Sharing your data in a repository - the basics

Find out if you need to share your research data in a repository, and read our tips on finding the right repository for you.

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Why should I share my data in a repository?

Data repositories provide infrastructure to store, share and preserve your research data - and there are many benefits to using them:

    1. It’s best practice for data sharing. Data in repositories are easier to find, to reuse and to cite.
    2. Your journal recommends it. Most journals recommend that you share your data in a repository. You should check the Instructions for Authors of your chosen journal, where the Research Data policy will outline the specific requirements which apply to you. 
    3. Your research community may expect it. If you are publishing in the life sciences or earth sciences, then mandatory data deposit to specific repositories may be enforced by your chosen journal.
    4. It could increase your citations. Publications that are linked to published datasets receive up to 25% more citations.*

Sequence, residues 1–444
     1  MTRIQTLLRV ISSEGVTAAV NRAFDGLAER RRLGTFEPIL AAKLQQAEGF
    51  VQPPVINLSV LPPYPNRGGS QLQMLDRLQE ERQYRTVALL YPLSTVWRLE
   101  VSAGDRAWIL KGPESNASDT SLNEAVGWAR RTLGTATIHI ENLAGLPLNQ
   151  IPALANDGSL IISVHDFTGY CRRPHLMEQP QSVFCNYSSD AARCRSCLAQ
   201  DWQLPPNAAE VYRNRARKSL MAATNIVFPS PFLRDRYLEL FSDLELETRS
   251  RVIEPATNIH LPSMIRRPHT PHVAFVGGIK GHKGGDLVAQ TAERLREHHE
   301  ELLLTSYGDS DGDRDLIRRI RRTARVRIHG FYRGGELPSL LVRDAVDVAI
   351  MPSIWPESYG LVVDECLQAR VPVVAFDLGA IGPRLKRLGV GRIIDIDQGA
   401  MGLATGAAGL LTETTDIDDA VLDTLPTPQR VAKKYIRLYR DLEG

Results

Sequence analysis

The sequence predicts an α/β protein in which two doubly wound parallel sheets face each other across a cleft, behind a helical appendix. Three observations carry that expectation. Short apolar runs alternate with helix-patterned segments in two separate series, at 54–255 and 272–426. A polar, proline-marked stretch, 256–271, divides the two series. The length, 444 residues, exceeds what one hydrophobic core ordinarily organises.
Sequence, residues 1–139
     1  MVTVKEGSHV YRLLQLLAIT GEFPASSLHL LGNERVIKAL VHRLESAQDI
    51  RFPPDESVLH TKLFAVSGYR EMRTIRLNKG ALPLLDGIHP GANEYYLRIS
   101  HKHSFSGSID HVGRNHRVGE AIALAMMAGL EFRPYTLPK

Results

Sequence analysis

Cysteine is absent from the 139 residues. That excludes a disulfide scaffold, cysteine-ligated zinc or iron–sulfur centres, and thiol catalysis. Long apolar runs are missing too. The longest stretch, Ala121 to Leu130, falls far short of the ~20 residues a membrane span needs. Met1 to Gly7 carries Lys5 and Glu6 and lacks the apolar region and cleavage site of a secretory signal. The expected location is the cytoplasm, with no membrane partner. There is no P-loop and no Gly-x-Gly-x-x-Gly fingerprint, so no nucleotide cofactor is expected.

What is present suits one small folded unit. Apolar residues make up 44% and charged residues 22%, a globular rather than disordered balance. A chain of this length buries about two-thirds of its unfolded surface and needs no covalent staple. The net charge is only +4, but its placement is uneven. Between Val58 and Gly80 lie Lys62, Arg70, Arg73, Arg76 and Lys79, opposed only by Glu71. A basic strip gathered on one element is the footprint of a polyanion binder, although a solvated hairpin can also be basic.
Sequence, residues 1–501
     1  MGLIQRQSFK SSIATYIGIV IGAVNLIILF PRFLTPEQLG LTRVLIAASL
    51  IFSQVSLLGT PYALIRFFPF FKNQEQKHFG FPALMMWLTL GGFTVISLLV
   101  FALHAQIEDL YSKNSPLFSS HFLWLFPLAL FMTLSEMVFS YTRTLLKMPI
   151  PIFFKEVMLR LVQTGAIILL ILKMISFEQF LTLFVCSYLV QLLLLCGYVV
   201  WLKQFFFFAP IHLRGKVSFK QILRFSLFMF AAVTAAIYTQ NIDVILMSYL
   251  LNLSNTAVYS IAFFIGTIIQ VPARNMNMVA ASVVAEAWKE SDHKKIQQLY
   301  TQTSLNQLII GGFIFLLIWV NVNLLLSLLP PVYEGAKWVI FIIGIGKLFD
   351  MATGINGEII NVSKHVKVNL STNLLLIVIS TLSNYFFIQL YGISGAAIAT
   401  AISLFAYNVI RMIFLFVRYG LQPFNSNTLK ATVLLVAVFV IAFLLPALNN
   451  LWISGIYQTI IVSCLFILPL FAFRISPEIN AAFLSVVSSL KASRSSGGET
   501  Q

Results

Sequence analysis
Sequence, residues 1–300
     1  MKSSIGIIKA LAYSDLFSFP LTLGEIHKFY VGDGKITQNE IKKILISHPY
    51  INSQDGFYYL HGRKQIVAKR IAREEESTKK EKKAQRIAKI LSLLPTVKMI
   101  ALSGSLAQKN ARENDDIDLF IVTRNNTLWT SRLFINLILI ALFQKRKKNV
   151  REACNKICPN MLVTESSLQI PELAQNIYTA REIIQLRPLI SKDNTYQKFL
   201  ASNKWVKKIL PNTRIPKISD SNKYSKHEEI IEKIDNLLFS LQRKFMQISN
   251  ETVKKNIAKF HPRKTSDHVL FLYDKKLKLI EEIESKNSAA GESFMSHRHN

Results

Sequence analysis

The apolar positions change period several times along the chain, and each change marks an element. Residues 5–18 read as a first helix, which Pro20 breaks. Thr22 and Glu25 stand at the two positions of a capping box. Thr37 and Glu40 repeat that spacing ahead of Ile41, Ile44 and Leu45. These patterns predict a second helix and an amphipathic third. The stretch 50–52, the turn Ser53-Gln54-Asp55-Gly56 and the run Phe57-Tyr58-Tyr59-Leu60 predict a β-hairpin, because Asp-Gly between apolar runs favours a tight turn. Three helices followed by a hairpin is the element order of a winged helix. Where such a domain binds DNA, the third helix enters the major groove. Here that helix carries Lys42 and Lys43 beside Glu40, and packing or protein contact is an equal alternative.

Which repository should I use?

If you are unsure where to deposit your data, here are some suggestions for finding the right repository for you:

    • Recommended repositories lists. We provide a list of recommended data repositories on our website. You can also consult resources such as re3data.org and FAIRsharing.org. We recommend using an appropriate discipline-specific repository where possible. 
    • Your university, funder or institution. Check if your university, funder or institution provides a repository for their affiliated researchers, as you may choose to deposit your data there.
    • Research Data Support. To save you time in depositing your data, Springer Nature’s Research Data Support is a curation service for any published researcher (or those who are in the process of publishing in a Springer Nature journal or book). Find more information about Research Data Support here

Do you have a question about research data? 
Get free help and advice on sharing your research data: visit our research data help desk.

*Colavizza et al. (2020)

Photograph by Jon Tyson on Unsplash.

Rebecca Grant

Research Data Manager, Springer Nature

I am Springer Nature's Research Data Manager, having previously worked as digital archivist at national public institutions and a national repository in Ireland. I have a background in the humanities, and I am currently undertaking a part-time PhD which is investigating the connections between archival science and research data management. My main areas of interest are in best practices and standards in data management, with a focus on digital preservation. I am also qualified in project management and Open Data training, and I will be contributing to training and guidance for authors and editors in the next year.

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